Aboriginal Link has been advising workplaces on these pathways since 1999, providing consulting, student recruitment programs and scholarships, and inclusion training workshops, among other services. To date, the organization has accumulated a database of more than 28,000 Indigenous organizations in Canada, to reach a community representing more than 1.5 million Indigenous people. It also hosts AboriginalCareers.ca, a career site used by many employers to reach the community online and through less technological means more suited to remote communities, including circulating postings on bulletin boards and via fax and direct mail.
Michael Milanese, Aboriginal Link’s president, says that while many organizations today are just at the beginning of their foray into this support role, others have been doing so for years. Either way, he says it helps to have senior management on board. “It really begins by demonstrating a commitment to wanting to deal and work with Indigenous people in Canada,” he says.
RBC is one of those organizations that has both a long-standing Indigenous outreach and new programs in development. In 1991, the company established the Royal Eagles, an employee resource group designed to help Indigenous employees connect. The oldest of several equity groups in the organization, today the Eagles have an online platform for information sharing, do outreach in Indigenous communities and hold in-person events for support and mentorship.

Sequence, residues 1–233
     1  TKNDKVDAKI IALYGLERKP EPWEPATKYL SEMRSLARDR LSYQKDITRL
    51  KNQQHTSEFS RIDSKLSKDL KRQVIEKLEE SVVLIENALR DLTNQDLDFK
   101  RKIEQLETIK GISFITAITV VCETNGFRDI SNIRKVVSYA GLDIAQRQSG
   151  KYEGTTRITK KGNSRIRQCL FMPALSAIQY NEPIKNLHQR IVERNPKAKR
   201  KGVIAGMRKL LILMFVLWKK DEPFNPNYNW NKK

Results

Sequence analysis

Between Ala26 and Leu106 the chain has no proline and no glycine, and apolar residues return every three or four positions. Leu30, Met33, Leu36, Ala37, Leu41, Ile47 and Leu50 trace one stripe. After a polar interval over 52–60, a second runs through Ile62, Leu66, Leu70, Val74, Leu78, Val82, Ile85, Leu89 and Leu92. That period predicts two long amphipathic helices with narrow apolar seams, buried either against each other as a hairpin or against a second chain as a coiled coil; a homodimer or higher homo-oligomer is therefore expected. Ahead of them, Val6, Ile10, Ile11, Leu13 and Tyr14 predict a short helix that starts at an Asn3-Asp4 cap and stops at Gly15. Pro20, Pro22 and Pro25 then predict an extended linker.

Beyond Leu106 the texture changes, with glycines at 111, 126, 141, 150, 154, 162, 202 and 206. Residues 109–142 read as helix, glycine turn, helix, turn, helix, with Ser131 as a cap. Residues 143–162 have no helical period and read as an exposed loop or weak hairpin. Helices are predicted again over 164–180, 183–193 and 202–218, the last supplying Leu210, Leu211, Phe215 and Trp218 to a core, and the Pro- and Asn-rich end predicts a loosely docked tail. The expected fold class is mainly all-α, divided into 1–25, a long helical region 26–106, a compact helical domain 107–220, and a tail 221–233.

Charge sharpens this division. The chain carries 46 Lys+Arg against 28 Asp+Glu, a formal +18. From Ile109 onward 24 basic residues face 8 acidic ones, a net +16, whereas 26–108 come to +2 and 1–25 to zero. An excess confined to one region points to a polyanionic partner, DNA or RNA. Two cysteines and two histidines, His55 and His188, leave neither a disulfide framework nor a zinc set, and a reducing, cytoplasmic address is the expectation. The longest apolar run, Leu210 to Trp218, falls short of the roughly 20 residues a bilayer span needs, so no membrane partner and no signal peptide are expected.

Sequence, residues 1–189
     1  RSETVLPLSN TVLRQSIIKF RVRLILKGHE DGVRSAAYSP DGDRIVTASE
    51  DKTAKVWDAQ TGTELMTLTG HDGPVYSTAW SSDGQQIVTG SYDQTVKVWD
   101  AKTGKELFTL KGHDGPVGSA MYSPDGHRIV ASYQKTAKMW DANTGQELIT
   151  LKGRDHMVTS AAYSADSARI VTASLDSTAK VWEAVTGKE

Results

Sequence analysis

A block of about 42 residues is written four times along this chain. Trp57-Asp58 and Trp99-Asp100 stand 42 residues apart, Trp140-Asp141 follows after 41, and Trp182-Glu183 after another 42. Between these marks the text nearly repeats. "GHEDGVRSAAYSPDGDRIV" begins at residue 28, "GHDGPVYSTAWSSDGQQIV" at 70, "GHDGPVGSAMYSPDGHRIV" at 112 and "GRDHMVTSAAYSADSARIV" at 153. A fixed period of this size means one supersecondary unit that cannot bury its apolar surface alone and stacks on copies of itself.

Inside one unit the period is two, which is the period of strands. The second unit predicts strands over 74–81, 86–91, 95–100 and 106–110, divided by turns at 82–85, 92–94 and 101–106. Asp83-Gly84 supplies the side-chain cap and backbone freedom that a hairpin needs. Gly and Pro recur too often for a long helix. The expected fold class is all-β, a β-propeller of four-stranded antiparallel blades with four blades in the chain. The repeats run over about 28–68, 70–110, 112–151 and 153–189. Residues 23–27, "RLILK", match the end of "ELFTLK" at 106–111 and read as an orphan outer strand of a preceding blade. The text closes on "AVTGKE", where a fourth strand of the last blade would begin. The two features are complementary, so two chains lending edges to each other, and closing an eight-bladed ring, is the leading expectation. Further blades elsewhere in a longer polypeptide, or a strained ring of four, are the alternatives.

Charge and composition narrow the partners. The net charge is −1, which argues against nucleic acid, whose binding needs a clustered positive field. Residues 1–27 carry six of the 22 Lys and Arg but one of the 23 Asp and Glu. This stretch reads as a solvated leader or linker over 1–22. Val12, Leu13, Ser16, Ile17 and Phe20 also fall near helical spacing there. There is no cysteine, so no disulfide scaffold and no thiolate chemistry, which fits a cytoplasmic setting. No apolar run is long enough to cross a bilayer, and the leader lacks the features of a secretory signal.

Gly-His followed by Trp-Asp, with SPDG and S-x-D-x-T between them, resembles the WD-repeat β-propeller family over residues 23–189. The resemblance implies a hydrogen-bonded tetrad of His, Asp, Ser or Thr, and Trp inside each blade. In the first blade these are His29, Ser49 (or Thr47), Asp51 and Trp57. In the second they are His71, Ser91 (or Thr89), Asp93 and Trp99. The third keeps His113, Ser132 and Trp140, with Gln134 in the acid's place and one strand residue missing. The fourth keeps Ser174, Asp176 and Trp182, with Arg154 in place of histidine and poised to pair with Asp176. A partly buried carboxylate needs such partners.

Norma Tombari, senior director of Global Diversity and Inclusion at RBC, says beyond the supportive aspect, this group makes business sense. “The resource groups are wonderful resources to the organization as well because they provide feedback on our policies and practices,” she says, adding that they also offer insight into that population within their client base. “We also get an understanding of what’s going on in the community, into where we can assist and how we can better serve our clients.” The percentage of Indigenous employees at RBC stands at 1.6 per cent. Other initiatives at the company include high-school recruitment programs, a summer internship and cultural awareness workshops.
Another company working on boosting its Indigenous presence is the Canadian Broadcasting Corp. Marc Barrette, director of talent acquisition, diversity and inclusion for the CBC, says the broadcaster has connected with Aboriginal Link for recruitment and retention seminars, and has a standing profile page on the AboriginalCareers.ca website. On the Radio-Canada side, a new initiative takes on four Indigenous interns for a full year (most interns are hired for a shorter time period). A new leadership program offers mentorships to several groups including Indigenous employees.